Violence against women and girls – Welsh Government assessment
The introduction of the Violence Against Women, Domestic Abuse and Sexual Violence (Wales) Act 2015 (the VAWDASV Act) has resulted in public bodies prioritising these issues and raising awareness. But evidence suggests that women and girls’ human rights are still being violated. Evidence indicates that rates of domestic abuse increased during the coronavirus pandemic, and survivors struggle to access specialist support.
- There has been a significant increase in domestic abuse recorded by the police in Wales.
- The coronavirus pandemic has led to an increase in domestic abuse in the UK.
- In Wales, reports to the national helpline Live Fear Free rose by 49% during the lockdown period and visits to the helpline website’s homepage increased from 690 in March 2020 to 1,683 in April 2020.
- There are ongoing concerns over the pace and consistency of implementation of the VAWDASV Act and the production of a delivery strategy.
- A review of Welsh Government’s progress in implementing the VAWDASV Act by the Welsh Audit Office (WAO) in November 2019 concluded that survivors ‘are often let down by an inconsistent, complex and fragmented system’.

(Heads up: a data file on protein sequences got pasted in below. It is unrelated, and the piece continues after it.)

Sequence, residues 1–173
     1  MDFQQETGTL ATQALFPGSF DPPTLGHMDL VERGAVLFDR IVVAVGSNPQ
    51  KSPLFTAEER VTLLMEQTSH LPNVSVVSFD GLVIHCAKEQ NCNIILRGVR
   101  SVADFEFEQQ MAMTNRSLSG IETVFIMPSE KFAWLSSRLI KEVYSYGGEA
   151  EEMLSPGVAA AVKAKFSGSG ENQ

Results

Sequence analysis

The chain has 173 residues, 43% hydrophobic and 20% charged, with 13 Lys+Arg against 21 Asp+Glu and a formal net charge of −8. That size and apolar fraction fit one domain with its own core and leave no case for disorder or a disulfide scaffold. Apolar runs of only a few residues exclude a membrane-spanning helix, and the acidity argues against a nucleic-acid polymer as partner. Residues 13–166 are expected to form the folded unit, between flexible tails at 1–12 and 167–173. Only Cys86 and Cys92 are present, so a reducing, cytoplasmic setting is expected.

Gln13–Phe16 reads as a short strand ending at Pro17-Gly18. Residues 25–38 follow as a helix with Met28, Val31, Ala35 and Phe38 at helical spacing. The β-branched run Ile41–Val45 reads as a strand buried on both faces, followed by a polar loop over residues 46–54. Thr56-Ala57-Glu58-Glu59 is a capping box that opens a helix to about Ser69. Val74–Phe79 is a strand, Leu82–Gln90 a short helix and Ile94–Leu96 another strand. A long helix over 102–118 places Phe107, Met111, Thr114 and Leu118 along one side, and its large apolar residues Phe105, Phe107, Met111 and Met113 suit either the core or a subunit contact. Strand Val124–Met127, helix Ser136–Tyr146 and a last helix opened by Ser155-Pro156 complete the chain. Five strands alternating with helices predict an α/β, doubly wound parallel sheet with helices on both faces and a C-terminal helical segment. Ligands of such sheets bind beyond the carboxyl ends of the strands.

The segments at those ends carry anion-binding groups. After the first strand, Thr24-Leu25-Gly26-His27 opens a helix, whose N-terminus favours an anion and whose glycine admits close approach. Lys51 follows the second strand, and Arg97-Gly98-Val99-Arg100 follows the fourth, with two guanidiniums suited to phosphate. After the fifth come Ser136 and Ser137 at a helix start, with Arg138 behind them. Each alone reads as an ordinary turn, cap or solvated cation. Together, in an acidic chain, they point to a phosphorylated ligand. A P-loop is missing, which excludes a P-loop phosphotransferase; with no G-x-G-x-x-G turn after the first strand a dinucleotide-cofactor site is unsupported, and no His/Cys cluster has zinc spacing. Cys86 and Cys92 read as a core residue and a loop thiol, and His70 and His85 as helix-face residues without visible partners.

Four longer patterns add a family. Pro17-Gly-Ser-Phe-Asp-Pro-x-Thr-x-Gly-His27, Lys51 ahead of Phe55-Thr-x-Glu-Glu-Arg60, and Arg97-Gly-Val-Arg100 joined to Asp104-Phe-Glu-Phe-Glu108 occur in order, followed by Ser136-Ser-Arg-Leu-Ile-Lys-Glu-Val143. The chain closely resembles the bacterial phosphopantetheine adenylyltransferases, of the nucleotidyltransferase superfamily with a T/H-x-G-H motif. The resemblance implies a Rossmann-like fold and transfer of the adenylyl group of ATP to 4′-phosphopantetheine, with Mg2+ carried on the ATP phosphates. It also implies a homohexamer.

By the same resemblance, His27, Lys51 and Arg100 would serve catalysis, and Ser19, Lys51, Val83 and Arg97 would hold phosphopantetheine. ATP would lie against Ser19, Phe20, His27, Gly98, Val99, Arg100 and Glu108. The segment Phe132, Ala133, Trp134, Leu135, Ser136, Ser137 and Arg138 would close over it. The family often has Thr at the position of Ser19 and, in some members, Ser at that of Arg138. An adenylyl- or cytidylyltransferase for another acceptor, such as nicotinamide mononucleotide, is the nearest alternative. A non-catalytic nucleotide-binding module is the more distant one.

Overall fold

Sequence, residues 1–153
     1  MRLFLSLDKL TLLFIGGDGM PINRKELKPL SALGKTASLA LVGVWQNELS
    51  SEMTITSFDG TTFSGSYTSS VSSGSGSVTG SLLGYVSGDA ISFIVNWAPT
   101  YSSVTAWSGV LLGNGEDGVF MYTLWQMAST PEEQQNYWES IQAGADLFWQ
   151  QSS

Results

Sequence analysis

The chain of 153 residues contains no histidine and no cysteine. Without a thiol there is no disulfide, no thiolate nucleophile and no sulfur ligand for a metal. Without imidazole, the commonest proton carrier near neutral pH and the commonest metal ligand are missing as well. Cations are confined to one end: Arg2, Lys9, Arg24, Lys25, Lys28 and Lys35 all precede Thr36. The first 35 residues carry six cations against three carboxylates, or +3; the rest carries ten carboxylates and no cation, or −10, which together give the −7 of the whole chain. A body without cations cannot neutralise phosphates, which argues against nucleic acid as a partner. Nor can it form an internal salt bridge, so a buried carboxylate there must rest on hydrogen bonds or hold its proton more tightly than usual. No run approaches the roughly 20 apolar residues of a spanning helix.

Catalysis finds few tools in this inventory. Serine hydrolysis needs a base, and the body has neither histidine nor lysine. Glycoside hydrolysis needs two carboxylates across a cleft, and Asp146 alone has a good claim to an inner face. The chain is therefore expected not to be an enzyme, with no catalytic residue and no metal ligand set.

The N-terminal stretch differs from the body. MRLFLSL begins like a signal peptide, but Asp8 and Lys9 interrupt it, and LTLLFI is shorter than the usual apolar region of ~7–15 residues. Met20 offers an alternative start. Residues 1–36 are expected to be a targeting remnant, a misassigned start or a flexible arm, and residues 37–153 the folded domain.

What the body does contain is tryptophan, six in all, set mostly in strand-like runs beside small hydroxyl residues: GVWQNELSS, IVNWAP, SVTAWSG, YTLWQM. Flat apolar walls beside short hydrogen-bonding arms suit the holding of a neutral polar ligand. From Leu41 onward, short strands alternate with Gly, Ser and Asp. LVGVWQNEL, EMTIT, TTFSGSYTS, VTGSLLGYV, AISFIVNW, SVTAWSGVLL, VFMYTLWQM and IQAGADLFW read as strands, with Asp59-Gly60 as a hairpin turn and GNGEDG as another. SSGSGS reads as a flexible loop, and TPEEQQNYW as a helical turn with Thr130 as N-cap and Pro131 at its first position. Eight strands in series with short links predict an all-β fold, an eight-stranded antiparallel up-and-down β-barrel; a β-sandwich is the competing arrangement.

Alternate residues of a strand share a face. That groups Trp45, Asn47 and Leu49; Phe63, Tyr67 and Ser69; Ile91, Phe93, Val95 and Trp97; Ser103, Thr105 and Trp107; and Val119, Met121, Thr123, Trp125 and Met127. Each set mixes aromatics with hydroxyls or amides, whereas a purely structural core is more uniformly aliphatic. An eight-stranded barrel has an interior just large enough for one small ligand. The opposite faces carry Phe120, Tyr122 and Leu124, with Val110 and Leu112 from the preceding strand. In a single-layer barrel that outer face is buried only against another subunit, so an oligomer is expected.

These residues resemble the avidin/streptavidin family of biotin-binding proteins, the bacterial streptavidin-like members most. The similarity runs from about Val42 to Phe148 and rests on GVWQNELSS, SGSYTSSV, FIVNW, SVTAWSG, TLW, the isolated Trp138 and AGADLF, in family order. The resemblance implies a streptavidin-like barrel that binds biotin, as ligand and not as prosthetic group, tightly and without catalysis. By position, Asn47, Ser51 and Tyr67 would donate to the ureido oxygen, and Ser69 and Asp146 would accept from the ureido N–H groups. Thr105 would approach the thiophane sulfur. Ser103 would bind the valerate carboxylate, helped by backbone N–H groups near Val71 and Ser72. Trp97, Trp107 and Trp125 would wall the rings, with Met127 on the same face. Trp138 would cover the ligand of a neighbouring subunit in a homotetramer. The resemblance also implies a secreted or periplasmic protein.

- 512 survivors were turned away from specialist services in 2018/2019, mostly because of lack of capacity and resources to provide a service.
- The Welsh Government has failed to develop a sustainable funding strategy for survivor services and the pandemic has increased the sector’s concern over this issue.
- In 2018 we reported concerns over funding cuts experienced by specialist support services in Wales, with a lack of adequate funding for specialist children and young people services.
- It estimated that 77% of children and young people who experienced domestic abuse in 2018 received no specialist support.
- Despite the allocation of additional funding to support the sector in responding to the pandemic, there are still serious concerns that ethnic minority, migrant, disabled, Lesbian, Gay, Bisexual and Transgender (LGBT) and older women face particular barriers to accessing non-specialist support, and that specialist organisations supporting these groups faced funding difficulties even before the pandemic.
Read more about the UK and Welsh Governments’ actions on violence against women and girls.